What is a solo 401(k)? A great retirement option for the self-employed

If you’re self-employed and looking to save for retirement – or just get an excellent tax break – you really need to have a look at the solo 401(k). It might be the best retirement option for one-person businesses, because of how quickly you can amass money in the plan.

A solo 401(k) gives you all the benefits of one of the big employer-sponsored 401(k) plans – the tax break for savings, the tax-deferred or tax-free growth and a generous annual maximum contribution – but you get to use it even if you’re a small business. However, a solo 401(k) can be even better, because you can set up a plan at the broker of your choice and not be bound by restrictive rules on the types of investments that you can make in a typical 401(k) plan.

These features may make the solo 401(k) better for you than other self-employed programs such as the SEP IRA and SIMPLE IRA. Here’s what you need to know about the solo 401(k).

Solo 401(k) plans: How they work

A solo 401(k) plan, also called a self-employed 401(k) or a solo K, offers self-employed people a way to save for retirement. The plan allows one-person businesses to establish a 401(k) with a participating brokerage and save up to $19,500 annually (in 2020) as elective deferrals, in the same way that participants in a regular 401(k) plan can deduct money from their paychecks.

In addition, the solo 401(k) also accepts employer matching contributions to the plan. Since the employee is also the business owner, he or she determines how much to match. The business can contribute 25 percent of its profits to the solo 401(k), up to $57,000 in 2020. However, the employee and employer contributions may not exceed $57,000 in total for 2020.

On top of this for people age 50 and older, you may contribute an additional $6,500 for 2020 as a catch-up contribution, in line with bonus contributions allowed in other 401(k) plans.

“The solo K has very high and flexible contribution limits, typically allowing more contributions than SEPs, traditional IRAs and Roth IRAs or SIMPLEs,” says Joe Conroy, CFP and founder of Harford Retirement Planners in Bel Air, Maryland.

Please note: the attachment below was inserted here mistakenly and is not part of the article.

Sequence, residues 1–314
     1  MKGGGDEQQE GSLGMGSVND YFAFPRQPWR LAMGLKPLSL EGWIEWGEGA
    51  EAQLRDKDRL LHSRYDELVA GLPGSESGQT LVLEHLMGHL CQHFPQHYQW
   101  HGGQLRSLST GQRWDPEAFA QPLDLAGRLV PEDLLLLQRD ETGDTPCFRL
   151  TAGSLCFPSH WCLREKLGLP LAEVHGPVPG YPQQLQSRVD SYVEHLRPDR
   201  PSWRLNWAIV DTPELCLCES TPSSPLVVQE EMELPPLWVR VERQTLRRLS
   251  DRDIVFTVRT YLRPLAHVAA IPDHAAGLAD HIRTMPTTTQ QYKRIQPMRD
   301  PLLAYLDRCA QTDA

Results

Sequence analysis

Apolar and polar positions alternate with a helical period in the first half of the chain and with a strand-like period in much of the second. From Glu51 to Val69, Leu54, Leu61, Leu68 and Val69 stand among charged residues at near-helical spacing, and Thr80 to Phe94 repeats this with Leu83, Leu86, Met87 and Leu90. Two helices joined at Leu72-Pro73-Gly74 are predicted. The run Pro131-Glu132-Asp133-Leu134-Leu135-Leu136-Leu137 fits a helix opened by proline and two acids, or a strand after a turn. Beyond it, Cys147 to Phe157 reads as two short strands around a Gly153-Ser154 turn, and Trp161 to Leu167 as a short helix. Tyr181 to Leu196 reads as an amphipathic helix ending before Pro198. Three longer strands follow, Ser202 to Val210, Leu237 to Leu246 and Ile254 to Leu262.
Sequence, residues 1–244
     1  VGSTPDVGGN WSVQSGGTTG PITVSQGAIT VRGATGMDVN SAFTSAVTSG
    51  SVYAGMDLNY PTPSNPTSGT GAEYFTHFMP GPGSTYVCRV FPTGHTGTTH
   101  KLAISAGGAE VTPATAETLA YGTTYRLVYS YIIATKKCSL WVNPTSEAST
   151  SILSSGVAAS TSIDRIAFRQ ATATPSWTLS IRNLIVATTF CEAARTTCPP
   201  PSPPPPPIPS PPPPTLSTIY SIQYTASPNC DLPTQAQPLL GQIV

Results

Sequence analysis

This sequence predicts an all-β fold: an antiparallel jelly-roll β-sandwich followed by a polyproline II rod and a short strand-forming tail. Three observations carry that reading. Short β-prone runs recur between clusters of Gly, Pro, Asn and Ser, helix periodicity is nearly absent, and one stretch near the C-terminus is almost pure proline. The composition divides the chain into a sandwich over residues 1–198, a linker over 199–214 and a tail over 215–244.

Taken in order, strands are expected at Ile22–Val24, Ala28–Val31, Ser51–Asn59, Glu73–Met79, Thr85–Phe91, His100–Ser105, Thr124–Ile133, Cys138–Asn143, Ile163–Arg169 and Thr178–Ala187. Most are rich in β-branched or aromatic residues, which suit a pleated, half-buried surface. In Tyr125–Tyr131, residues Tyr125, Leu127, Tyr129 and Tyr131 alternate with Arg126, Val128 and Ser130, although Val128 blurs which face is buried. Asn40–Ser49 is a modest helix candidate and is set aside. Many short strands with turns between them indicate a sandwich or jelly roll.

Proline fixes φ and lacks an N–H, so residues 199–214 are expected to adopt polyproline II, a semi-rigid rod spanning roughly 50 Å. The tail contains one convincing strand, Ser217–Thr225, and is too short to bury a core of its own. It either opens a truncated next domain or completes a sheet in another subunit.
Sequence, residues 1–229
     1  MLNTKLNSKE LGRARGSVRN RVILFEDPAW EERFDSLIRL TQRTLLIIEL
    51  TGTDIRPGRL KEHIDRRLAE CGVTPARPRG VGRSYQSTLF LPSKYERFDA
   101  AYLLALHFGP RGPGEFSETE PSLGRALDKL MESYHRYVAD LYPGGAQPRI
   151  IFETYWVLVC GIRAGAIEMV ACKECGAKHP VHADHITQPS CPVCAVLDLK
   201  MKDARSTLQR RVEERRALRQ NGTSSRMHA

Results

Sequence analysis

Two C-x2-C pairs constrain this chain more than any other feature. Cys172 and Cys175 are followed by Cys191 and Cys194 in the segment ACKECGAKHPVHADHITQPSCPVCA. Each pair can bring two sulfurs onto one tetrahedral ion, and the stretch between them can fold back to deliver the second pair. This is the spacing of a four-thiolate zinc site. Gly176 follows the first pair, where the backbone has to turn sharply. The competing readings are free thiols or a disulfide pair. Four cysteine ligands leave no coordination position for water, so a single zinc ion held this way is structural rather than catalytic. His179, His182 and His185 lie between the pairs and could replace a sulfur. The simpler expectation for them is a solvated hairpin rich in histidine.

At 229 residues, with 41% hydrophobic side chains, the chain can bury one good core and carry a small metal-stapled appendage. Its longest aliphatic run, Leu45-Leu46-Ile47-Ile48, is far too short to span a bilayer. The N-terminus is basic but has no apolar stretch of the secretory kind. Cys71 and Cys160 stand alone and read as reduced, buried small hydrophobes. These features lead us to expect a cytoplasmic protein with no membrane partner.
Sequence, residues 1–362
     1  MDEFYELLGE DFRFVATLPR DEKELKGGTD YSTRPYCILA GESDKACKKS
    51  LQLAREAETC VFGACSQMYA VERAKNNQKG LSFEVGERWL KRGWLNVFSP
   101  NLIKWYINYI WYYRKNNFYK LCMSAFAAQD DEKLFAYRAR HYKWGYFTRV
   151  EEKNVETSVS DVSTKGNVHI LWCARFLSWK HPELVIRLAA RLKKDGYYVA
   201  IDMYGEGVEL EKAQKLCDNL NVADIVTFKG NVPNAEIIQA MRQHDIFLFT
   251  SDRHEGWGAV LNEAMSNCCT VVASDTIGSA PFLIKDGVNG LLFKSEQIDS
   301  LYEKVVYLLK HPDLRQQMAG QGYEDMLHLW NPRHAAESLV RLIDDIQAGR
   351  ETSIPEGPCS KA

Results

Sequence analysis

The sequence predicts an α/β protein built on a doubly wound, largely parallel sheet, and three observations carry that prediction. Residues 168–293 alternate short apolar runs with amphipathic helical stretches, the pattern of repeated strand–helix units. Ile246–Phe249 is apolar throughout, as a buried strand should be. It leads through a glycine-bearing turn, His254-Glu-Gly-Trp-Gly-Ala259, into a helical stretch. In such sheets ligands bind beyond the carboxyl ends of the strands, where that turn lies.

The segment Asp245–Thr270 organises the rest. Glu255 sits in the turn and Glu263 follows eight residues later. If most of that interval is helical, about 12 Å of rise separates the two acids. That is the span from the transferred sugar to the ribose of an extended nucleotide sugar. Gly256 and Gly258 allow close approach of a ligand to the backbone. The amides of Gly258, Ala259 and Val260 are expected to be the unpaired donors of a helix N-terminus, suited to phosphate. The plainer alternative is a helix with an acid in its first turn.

One key difference between the solo 401(k) and other self-employed retirement plans is that employees can contribute all of their salary up to the annual maximum contribution. They’re not limited to 25 percent of their salary, as in some other plans. This feature can allow them to minimize taxes, though this contribution doesn’t help them avoid self-employment tax.

In other respects, the solo 401(k) operates like any other 401(k) plan, whether it’s a traditional 401(k) or a Roth 401(k). If you set up your solo 401(k) to take tax-deductible contributions, it will operate like a traditional 401(k), allowing you to contribute pre-tax money and get a break on this year’s taxes. On the other hand, if you opt for a Roth, you’ll make after-tax contributions, but will benefit from the tax-free withdrawals in retirement.

“If you think tax rates will be higher in the future, like I do, then a Roth can be a very valuable account to reduce your future tax burden in retirement,” Conroy says.

The solo 401(k) also offers advantages over the SEP IRA and SIMPLE IRA due to its Roth option.

“If you want to contribute to a Roth, but exceed traditional income limitations, the solo K is the only option for highly compensated, self-employed individuals,” Conroy says. “Contributing to a Roth solo K is much cleaner and simpler than trying to use a backdoor Roth or Roth conversion.”

Who can use a solo 401(k)?

Solo 401(k) plans are intended for the self-employed. If you have employees and are looking for a retirement plan, then you have some other options such as the SEP IRA or SIMPLE IRA, both of which allow you to provide tax-advantaged benefits to your employees. A lesser-known program called a SIMPLE 401(k) allows businesses to set up retirement plans, too.

While solo 401(k) plans are intended for one-person businesses, there is an exception. The spouse of the business owner can also participate in the plan, too. With a spouse in the plan, your small business can really stash away cash for retirement. A qualifying couple could save as much as $114,000 annually in the plan, and even more if they were eligible for catch-up contributions.

Other financial benefits of a solo 401(k)